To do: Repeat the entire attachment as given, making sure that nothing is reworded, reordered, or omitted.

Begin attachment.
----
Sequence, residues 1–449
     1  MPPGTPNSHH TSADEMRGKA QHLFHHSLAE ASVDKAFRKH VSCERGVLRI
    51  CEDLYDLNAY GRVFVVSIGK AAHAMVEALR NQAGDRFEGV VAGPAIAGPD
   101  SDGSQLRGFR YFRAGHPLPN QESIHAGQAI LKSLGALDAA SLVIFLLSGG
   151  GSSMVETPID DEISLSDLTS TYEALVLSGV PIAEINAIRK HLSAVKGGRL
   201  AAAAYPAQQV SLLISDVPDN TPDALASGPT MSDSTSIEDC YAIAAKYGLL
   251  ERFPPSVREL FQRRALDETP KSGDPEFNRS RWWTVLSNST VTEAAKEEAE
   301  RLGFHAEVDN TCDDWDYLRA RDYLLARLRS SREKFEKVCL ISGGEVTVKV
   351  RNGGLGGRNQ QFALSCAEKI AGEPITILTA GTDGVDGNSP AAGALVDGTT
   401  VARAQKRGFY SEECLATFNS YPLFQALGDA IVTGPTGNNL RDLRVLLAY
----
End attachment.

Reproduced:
Sequence, residues 1–449
     1  MPPGTPNSHH TSADEMRGKA QHLFHHSLAE ASVDKAFRKH VSCERGVLRI
    51  CEDLYDLNAY GRVFVVSIGK AAHAMVEALR NQAGDRFEGV VAGPAIAGPD
   101  SDGSQLRGFR YFRAGHPLPN QESIHAGQAI LKSLGALDAA SLVIFLLSGG
   151  GSSMVETPID DEISLSDLTS TYEALVLSGV PIAEINAIRK HLSAVKGGRL
   201  AAAAYPAQQV SLLISDVPDN TPDALASGPT MSDSTSIEDC YAIAAKYGLL
   251  ERFPPSVREL FQRRALDETP KSGDPEFNRS RWWTVLSNST VTEAAKEEAE
   301  RLGFHAEVDN TCDDWDYLRA RDYLLARLRS SREKFEKVCL ISGGEVTVKV
   351  RNGGLGGRNQ QFALSCAEKI AGEPITILTA GTDGVDGNSP AAGALVDGTT
   401  VARAQKRGFY SEECLATFNS YPLFQALGDA IVTGPTGNNL RDLRVLLAY